As we enter our annual winter break, we leave you with an extra large issue, one that contains the latest edition of Bay Journeys, our quarterly guide to experiencing the Chesapeake's cultural, historic and natural heritage.

This issue will, among other things, introduce you to winter birding hot spots, the experience of escaped slaves during the War of 1812, amphibian watching in early spring and — for the hardy — winter camping on the Bay.

Meanwhile, this month's Bay Journal will leave you with plenty of winter reading.

  • Tom Horton, who has been covering Bay issues for more than three decades, offers a thought-provoking analysis that challenges the conventional wisdom about growth. At a time when many are contesting cleanup costs, he takes a broader look at what drives costs: "another way to look at it is that we are paying in large part to support and subsidize continued growth." You may not agree with his conclusions, but the overarching question of how, or whether, we will deal with growth and development is one we don't seriously discuss.
  • Rona Kobell spent an entire day at the historic meeting of the Atlantic States Marine Fisheries Commission in Baltimore and reports on its approval of a cap on the menhaden fishery, the culmination of one of the most contentious debates that has been waged around the Bay for more than a decade.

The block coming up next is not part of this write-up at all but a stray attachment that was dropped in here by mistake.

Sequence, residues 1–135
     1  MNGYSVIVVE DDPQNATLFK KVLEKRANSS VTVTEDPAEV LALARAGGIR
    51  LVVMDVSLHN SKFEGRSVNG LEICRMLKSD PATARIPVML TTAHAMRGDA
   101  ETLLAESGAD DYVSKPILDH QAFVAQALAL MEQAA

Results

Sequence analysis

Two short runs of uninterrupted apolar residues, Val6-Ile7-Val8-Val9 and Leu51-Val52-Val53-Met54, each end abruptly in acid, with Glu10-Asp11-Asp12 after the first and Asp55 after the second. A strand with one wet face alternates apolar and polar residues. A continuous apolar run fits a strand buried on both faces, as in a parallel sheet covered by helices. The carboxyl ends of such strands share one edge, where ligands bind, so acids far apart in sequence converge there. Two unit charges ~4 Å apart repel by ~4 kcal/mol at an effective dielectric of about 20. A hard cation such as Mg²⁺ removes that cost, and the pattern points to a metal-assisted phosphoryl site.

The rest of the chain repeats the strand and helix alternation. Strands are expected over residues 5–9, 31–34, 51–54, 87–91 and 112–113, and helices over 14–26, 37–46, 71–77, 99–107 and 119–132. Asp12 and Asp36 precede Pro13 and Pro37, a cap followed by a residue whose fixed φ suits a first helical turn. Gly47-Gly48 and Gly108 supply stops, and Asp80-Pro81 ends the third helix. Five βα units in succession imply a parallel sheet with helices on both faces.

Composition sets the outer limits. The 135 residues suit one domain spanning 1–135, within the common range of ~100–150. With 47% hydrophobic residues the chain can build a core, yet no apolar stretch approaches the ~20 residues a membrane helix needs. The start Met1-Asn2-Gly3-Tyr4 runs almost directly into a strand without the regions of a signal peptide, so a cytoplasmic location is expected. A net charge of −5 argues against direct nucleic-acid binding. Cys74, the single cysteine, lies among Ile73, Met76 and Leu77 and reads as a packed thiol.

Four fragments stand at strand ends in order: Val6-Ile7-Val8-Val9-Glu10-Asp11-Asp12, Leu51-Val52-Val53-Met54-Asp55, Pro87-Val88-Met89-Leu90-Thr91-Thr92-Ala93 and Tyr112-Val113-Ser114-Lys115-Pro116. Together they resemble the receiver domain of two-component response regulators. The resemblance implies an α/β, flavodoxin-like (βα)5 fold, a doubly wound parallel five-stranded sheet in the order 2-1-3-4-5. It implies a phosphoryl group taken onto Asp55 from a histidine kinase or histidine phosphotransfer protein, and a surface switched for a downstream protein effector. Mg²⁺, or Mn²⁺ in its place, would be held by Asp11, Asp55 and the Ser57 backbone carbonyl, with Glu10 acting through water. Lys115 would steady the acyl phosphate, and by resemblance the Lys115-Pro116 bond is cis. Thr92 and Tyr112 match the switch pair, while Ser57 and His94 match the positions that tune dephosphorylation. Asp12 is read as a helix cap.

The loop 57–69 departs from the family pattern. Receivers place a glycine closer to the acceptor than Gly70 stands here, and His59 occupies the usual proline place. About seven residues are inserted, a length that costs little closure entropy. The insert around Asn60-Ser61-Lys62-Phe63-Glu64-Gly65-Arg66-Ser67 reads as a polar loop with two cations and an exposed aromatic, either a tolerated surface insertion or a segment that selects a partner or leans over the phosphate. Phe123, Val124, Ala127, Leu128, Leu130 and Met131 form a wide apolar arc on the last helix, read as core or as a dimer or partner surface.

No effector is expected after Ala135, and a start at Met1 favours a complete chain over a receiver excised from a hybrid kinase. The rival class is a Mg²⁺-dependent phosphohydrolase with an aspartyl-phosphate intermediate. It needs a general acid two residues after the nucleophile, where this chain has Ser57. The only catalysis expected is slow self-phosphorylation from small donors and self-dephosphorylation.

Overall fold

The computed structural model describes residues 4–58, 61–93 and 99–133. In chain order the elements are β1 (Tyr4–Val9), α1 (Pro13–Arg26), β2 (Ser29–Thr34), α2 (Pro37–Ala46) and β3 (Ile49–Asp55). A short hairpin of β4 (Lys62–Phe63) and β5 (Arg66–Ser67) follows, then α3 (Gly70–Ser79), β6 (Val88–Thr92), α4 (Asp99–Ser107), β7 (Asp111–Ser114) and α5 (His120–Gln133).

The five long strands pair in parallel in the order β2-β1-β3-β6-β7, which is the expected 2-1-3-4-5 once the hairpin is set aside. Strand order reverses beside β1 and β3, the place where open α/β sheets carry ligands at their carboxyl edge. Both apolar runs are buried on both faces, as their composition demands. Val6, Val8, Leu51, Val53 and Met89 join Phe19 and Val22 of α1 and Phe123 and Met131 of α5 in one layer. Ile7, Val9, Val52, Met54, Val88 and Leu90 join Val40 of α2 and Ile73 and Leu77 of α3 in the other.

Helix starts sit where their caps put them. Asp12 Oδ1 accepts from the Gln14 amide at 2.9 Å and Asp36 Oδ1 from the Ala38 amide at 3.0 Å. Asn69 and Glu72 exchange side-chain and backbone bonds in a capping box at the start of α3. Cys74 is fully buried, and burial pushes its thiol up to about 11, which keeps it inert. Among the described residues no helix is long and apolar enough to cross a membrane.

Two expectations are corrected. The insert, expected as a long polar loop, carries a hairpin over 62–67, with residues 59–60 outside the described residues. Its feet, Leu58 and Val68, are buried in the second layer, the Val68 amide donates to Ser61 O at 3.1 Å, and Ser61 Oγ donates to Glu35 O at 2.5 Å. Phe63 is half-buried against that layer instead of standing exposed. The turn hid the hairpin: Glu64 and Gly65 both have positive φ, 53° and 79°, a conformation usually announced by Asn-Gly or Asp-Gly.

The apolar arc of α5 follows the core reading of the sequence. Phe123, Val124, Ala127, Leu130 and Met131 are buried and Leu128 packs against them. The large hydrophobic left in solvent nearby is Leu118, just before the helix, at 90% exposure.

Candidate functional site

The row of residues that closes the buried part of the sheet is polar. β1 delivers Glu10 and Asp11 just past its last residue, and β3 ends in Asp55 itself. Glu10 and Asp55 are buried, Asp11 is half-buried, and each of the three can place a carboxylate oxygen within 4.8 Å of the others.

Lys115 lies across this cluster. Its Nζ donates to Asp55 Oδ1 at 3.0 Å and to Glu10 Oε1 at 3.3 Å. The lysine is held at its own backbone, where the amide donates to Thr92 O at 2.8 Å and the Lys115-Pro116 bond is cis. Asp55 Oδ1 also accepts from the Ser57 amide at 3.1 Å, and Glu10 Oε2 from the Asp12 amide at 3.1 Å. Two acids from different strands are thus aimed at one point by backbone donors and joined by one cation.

• Lara Lutz reported on a new study led by the Anacostia Watershed Society that shows an alarming number of people in and around the District of Columbia are eating contaminated fish. It has the most disturbing comment in this issue. It's about why many people continue to eat fish they shouldn't: "What can we say to a person who is hungry right now — that you might get cancer 20 or 30 years down the road?"
  • Speaking of toxics, I reported on a new federal report that indicates that toxic contaminants still pose threats to aquatic life in many parts of the Chesapeake and its watershed. The report will go to the Bay Program, which will determine whether it should set new goals for toxic compounds. Toxic contaminants has lagged as a Bay Program issue as it has focused on nutrients, but can we have a clean Bay if we only address some of the pollutants afflicting its resources?
  • And few people are familiar with the Federal Energy Regulatory Commission, or its relicensing process for hydroelectric dams. But the 5.5-year-long relicensing process for the Conowingo Dam is entering a critical phase that will have major ramifications for the Chesapeake's largest tributary, the resources that inhabit it and the Bay itself.

If you are still looking for something more to do this winter, check out Bulletin Board, which is filled with programs and opportunities for volunteer activities.

Enjoy the winter. We'll be back with the March issue.


The Gateway Network feature about the The Mariners Museum in the December issue misspelled the name of the founder of the Newport News Shipbuilding and Dry Dock Company. He is Collis Huntington.

The photo of the man and boy hunting in the October Bay Naturalist should have credited Carol Weston as the photographer.

The Bay Journal regrets the errors.